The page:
We live in an age that inundates us with more data than we have ever had before. And more data means better decisions, right?

Sadly, that's not necessarily the case.

Back in 2012, management consultancy CEB, now a subsidiary of Gartner, studied how more than 5,000 employees in 22 global companies used data in their decision-making.

The researchers concluded that there were three categories of workers:

  1. The visceral decision-makers, who followed their instincts rather than the numbers
  2. The unquestioning empiricists, who followed the data slavishly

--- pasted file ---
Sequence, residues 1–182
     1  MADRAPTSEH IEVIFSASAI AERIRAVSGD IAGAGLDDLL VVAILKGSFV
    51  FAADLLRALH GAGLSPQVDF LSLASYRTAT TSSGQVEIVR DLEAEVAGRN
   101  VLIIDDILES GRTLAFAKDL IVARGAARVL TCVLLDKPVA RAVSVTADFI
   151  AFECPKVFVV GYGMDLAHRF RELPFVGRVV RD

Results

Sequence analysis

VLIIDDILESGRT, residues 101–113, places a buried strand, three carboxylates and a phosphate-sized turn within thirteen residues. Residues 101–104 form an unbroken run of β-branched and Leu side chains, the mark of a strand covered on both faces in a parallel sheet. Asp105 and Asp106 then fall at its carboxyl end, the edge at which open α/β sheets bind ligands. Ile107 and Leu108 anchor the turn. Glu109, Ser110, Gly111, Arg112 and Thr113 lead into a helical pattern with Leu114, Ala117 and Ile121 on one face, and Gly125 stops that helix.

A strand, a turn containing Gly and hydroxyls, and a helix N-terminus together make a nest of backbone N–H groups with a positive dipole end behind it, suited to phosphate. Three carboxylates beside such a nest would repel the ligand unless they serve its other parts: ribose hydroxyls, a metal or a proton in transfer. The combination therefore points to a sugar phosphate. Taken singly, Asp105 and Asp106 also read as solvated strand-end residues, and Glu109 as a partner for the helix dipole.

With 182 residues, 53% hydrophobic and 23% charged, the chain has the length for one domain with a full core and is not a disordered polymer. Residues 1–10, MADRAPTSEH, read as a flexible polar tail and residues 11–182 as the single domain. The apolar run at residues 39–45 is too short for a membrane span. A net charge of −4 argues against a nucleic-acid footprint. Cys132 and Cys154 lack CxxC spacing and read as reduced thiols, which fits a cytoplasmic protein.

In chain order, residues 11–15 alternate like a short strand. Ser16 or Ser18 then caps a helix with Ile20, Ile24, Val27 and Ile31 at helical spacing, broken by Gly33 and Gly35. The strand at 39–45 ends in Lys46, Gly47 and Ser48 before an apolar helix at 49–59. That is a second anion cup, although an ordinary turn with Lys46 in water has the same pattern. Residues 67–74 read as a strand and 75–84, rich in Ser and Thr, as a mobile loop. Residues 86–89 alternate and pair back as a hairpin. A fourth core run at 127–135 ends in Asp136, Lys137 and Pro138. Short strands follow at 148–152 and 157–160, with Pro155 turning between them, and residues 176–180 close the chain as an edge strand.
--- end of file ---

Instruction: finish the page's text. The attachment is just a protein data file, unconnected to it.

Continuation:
3. The informed skeptics, who considered the data but used it with caution

That third category—those who used data with a measure of skepticism, balancing the figures with their own judgement—ultimately made the best decisions.

How can we take advantage of the blessings of evidence without being led astray by numerical mirages?

The best place to start is with a good sense of how stats can let us down.

1. Things Change

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ABOUT THE AUTHOR
image of William Gadea

William Gadea is the founder of IdeaRocket LLC, a maker of animated videos for business.

LinkedIn: William Gadea